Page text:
So, [00:10:00] um, during that time we started focusing differently. And once I learned that I started doing bus tours with some out-of-state RIAs and they started bringing people in and they’re like, well, find deals for me. Like you find them. And so we got into, I guess, kind of wholesale, but now I didn’t know what wholesaling was.

Mike: [00:10:16] Um,

Steve: [00:10:16] but I was just finding deals for them and they would buy them off me. And deals. I didn’t, I kinda would rather make quick money on. And then they’re like, well, if it was rehab, it’d be a lot nicer, you know, if I didn’t have to rehab it and when you’re already managing your rentals, can you manage mine?

And so like many turnkey operators, probably some people that are watching

Mike: [00:10:33] this,

Steve: [00:10:34] somehow it turned into, Oh, I can make money on the rehab. I can make money on a

Mike: [00:10:38] sale. I’ll

Steve: [00:10:39] make 10% arrests. It seems like all these revenue streams is what people talk themselves into, but it’s such a slippery slope. And I literally have watched over the last, you know, 16 years I’ve watched so many good people get destroyed on once, either as a client or the actual person in the turnkey business.

I’m sure you have too. Yeah, it is a tough, [00:11:00] tough business. Yeah. And, um, I got heavy into that. I did three, four, 500 of those, like. We do about 500 deals in a three or four year timeframe. Not all of them are turnkey, um, but they were all part of that. Um, but we really cut our teeth and we got a couple of clients out of it.

And then somehow I came up for air in 2013 and I’m like, man, we’re managing 350 houses. We’re doing 20 rehabs at a time. We’re not really wholesaling as much as we used to. Um, one reclaim, we made 600 offers for it. In that year and we got 110 houses, maybe on all those that all I’m a less offers. We had a whole team of agents.

Oh, wow. I mean, we had an office full of people, like 30 subs that worked for me in the construction. I had two different project managers that made like 50 grand a year salaries on top of like, it, it was the most silly thing. And Mike, I’m a super deep visionary. If anybody watching this as a, you know, us kind of person, I’m not an integrator.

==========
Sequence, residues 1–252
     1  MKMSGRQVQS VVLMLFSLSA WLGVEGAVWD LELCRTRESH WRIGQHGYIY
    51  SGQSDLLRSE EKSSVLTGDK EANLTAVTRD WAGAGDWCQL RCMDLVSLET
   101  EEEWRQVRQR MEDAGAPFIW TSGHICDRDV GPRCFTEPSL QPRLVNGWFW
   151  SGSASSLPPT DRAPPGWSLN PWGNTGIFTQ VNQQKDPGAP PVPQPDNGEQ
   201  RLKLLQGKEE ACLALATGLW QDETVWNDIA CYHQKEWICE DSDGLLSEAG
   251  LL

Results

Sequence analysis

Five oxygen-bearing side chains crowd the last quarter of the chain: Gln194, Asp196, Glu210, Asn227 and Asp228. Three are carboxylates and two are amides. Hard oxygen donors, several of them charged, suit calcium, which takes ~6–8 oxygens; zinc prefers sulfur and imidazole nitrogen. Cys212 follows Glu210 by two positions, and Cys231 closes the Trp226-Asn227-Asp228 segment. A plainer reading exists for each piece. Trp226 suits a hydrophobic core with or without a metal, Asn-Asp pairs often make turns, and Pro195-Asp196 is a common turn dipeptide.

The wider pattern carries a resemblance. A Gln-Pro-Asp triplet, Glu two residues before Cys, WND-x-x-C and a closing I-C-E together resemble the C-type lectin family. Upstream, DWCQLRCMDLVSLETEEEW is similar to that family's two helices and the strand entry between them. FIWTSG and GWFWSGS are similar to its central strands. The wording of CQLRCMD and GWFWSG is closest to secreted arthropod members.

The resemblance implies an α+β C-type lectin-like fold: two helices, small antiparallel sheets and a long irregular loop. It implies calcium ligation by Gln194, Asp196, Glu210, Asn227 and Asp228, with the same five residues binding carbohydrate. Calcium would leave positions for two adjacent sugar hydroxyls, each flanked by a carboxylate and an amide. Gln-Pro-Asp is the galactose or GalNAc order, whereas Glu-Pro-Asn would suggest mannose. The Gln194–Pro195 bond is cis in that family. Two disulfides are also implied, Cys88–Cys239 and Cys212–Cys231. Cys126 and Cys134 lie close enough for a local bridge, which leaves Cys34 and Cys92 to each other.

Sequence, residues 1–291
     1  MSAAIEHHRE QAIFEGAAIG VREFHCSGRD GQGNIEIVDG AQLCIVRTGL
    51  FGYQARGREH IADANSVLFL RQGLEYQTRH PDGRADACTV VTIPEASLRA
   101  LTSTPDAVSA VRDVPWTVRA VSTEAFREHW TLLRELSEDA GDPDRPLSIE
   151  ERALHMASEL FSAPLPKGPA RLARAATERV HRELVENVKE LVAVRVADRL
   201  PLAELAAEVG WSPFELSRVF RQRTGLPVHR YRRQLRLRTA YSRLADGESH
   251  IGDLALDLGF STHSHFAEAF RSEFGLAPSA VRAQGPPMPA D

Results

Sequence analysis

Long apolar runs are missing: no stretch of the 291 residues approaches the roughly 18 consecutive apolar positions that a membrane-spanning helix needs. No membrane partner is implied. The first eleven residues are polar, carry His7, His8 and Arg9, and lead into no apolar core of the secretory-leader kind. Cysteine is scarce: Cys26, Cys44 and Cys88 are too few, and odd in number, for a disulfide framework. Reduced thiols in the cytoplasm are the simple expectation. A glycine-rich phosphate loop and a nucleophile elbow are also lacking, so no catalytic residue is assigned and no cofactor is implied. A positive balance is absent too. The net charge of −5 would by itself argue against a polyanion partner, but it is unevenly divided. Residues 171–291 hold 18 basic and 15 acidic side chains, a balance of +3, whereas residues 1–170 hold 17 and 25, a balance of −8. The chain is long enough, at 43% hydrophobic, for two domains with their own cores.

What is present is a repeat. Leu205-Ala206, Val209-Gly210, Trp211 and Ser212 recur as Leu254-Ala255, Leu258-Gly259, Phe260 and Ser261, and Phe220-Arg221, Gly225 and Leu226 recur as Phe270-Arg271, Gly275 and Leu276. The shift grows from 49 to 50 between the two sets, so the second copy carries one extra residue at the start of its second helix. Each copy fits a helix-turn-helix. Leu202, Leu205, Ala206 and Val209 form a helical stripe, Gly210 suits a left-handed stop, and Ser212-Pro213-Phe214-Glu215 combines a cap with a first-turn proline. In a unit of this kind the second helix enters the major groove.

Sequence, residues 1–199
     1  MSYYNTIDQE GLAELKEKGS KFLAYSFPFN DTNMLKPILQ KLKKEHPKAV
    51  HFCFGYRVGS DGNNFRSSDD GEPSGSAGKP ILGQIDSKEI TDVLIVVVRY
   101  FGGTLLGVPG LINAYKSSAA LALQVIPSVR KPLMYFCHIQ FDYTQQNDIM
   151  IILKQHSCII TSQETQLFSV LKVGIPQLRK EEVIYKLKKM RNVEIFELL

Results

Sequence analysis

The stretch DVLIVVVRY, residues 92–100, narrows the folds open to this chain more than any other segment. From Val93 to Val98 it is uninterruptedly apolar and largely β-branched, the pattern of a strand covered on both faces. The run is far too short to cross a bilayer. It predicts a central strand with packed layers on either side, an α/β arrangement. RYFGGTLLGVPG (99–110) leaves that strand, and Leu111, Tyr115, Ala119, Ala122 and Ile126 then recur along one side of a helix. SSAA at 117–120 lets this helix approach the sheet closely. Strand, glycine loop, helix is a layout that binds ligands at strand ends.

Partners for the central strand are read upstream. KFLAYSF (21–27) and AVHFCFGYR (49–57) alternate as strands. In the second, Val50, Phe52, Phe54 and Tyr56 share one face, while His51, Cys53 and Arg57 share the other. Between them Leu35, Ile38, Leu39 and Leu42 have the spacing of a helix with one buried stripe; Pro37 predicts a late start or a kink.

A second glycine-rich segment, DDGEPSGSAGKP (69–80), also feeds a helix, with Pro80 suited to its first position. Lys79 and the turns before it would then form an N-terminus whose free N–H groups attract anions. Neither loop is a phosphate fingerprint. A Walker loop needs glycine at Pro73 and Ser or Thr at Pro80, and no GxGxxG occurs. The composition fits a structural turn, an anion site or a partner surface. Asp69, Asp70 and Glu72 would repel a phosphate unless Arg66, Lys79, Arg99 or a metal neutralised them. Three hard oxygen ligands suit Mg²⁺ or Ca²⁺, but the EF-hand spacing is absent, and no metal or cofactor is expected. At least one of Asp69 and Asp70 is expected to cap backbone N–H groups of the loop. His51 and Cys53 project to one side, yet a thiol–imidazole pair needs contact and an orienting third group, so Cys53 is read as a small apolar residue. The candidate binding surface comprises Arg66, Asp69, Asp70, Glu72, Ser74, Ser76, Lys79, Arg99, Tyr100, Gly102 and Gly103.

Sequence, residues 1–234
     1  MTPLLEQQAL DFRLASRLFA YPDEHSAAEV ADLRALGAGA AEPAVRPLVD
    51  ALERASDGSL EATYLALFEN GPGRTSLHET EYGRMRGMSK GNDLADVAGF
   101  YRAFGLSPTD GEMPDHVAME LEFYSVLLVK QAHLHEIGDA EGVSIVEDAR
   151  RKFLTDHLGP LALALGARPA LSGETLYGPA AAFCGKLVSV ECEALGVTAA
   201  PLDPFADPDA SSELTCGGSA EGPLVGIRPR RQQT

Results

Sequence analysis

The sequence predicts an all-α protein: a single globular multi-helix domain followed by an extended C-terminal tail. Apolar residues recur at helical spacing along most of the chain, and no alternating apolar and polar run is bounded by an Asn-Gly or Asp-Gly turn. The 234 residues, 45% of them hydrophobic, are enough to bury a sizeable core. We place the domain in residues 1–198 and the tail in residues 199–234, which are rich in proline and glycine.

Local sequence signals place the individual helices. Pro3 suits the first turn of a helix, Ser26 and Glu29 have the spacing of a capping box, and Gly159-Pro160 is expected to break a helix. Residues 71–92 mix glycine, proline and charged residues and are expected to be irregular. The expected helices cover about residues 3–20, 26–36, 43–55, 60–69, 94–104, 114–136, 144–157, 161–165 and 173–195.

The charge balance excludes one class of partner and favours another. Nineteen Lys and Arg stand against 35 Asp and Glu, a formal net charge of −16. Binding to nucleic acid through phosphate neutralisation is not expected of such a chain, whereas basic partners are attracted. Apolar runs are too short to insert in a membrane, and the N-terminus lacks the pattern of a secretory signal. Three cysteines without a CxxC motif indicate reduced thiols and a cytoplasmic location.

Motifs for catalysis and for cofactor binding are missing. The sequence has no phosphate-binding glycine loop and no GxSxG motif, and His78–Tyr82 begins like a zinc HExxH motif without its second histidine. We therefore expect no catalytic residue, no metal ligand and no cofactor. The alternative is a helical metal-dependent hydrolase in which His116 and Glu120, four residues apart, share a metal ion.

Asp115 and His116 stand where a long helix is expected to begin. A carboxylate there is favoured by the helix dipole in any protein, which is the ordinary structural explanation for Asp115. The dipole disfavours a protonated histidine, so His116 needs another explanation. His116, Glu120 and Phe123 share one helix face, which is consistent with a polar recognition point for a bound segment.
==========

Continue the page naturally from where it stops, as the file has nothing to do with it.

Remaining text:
[00:12:00] And now I can pretend to be one in spurts because I understand what it means to my bottom line and my sanity. But

Mike: [00:12:06] you have to have that. Yeah.

Steve: [00:12:07] Yeah. I just, um, it’s crazy. I looked up one day, we had a construction company, a brokerage property management company and the investment company. I was running a Rhea.

You know, it was the first year we did seven figures of business. It was literally like the most miserable year of my life. And. EOS traction. I got introduced to that actually at, um, I was at an Infusionsoft, um, conference in 2013 and some girl there who was her and her mom owned a bunch of, um, Keller Williams franchises.

And she turned me onto the book and I started reading it and I couldn’t get back to the core values. I read the book like three times, and then I made every one of my management team read it. And then we kept sitting down and trying to do the first chapter of core values. And every time they’re like, no, we don’t like what you came up with.

Here’s what we think our clients would like. And I’m like, I hate all that stuff. And then one day at lunch, I was like, the only way I can see [00:13:00] this is going to work is if we quit doing construction, quit managing houses. It’s like the core tenant of what we did. And I set it out of frustration and they all looked at me like, Oh yeah, right.

And then I’m like, wait a minute. It’s like, like the light bulb went off, you know? And I’m like, maybe we need to quit doing all that. And. I had gone from being a strategic visionary guy that everybody wanted to come get information from. And they want to know about my strategy and what I think about the market and who I like and network with me and get to know me and all this stuff.

And it turned into the only time I talked to clients anymore was, Hey, why are the reports late this month? Or my maintenance I’m getting screwed on maintenance or this tenant left too early, or your leasing is taking too long. It’s like, Oh, this horrible toilets, tenants, contractor.

Mike: [00:13:44] Yup.

Steve: [00:13:44] It was junk and, um, it was really hard.

And so I hit a reset button in 2014 and that started, um, at the end of 2014, I started a whole like 2015 was a big transition. Your form is really hard. Um, in fact, in 20, the second half [00:14:00] of 2015 to the middle of 2016, during that year, I am positive. I spent more money than most people make on therapists, coaches, counseling, uh, psychological tests.

Like I had a trainer at the gym. I had a, uh, um, a nurse practitioner. I was taking guitar lessons with my kids golf lessons. I was like, I’m going to go do all this stuff. And I’m going to like re-engage. And I, it was just interesting. Um, and I really kind of just reinvented. I didn’t even reinvent. I finally came back out of who I thought I wanted to be, and I really got to really know myself.